Crosley, by Rusty McClure, David Stern & Michael A. Banks
The Holy Grail of Community

Booksquare on Phantom Markets

Books2The Booksquare blog comes through again with this great post on why some "can't-miss-hits" become big flops.  Blogger Kassia Krozser's example is a book for moms that she feels is better delivered as a blog than a book (more on that point in a moment).  Kassia goes on to distinguish niches from trends by saying "By way of example: moms arguably comprise a massive portion of the reading audience, while so-called “Mommy books” comprise a small portion of the book-buying audience."

Great point, and any publisher who tells you they've never fallen into this trap is lying!  I'll give you an example from the technology publishing world: Books on antivirus solutions.  Everyone knows they should be running antivirus software on their computer.  In fact, most do, but who really wants to go out and spend even $10 on a book telling you why/how to do it?  The unfortunate reality is that nobody cares about the subject of antivirus until their computer gets infected -- at that point, they're much more likely to look for immediate online/neighbor solutions than run out to a bookstore.

To Kassia's point, the audience of potential customers is huge but what percentage of those people are really going to buy a book on it?  (Full disclosure: My group recently co-published Simple Computer Security with CA.  The product includes a special version of the CA Internet Security Suite, all for $24.99; we figured we'd try a new angle with this market by basically distributing the software itself and wrapping a small book around it.  Only time will tell whether we really found a new approach or are still kidding ourselves.)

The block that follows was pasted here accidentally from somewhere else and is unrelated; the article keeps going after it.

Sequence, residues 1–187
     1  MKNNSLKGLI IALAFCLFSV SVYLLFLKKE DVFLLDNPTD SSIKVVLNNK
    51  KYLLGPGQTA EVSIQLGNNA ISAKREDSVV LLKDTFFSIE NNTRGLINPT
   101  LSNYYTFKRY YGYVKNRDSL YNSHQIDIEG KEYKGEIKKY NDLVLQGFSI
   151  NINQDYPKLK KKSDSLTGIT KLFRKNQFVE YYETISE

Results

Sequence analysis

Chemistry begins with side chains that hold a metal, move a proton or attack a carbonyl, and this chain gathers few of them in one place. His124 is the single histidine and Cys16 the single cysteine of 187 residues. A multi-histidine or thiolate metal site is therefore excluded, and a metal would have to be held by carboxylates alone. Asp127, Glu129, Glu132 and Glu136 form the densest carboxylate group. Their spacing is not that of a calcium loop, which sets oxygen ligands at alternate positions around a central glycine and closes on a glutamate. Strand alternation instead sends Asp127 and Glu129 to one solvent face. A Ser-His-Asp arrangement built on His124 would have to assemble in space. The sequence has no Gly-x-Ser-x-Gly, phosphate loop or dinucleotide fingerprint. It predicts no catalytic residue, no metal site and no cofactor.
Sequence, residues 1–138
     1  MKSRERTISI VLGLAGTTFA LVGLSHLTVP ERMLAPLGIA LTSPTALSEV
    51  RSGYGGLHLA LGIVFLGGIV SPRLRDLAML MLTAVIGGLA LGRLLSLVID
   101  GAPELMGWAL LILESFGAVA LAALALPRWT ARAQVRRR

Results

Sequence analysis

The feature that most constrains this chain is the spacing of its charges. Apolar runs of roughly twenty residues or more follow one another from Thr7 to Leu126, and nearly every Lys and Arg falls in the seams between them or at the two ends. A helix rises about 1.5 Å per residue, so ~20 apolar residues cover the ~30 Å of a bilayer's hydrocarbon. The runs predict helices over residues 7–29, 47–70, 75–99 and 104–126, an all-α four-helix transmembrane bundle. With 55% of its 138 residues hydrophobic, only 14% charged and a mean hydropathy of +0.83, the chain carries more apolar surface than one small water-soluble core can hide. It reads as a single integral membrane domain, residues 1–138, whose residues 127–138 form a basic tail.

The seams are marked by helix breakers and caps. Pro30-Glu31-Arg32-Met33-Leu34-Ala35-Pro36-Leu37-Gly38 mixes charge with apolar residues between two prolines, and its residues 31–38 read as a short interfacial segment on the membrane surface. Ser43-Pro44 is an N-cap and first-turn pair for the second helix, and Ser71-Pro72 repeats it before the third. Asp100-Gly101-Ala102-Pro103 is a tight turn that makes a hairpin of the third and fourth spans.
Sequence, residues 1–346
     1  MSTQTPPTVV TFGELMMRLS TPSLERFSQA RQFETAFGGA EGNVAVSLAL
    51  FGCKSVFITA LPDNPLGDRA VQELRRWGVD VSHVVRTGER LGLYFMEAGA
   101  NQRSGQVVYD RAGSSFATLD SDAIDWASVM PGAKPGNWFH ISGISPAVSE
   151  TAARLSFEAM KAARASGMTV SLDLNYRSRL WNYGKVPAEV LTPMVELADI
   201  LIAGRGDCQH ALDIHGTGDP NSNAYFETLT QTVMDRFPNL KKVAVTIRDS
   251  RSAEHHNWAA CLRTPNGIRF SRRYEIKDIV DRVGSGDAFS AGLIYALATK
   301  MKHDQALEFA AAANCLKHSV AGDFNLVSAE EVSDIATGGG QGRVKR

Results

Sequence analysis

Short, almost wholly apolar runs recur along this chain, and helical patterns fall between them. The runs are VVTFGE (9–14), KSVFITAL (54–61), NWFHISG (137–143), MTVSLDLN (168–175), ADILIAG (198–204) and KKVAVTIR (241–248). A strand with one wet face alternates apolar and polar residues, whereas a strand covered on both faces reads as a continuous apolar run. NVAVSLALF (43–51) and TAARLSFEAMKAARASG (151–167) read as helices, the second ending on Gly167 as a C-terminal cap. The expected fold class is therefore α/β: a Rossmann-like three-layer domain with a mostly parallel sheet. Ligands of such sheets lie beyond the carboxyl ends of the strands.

The question I've sometimes asked when new titles are pitched at an ed board meeting is, "do customers really want a book on this topic or would a nice magazine article suffice?"  As Kassia accurately alludes to, I need to get more in the habit of asking whether a blog, wiki or other online resource is the better delivery mechanism for this book's content, not just a magazine...

Comments

CindyK

Great post. We see this all the time: No one wants to buy a book on c-sections, or life insurance, or general travel tips. All good topics, but better magazine articles someone happens upon. Another interesting viewpoint on why some things become popular and others don't, and the impossibility of predicting what will be, has to do with the power of the masses, as covered in this NY Times article: http://www.nytimes.com/2007/04/15/magazine/15wwlnidealab.t.html?ex=1178164800&en=dd4a5bd2d63b202e&ei=5070

Joe Wikert

Hi Cindy. Thanks for linking to that highly relevant NYT article. As I read it, I couldn't help thinking about one of the newer books I'm currently reading: The Black Swan, by Nassim Nicholas Taleb. I read one of his earlier books, Fooled by Randomness, last year and was immediately hooked. The guy is nothing short of brilliant and has some very compelling arguments.

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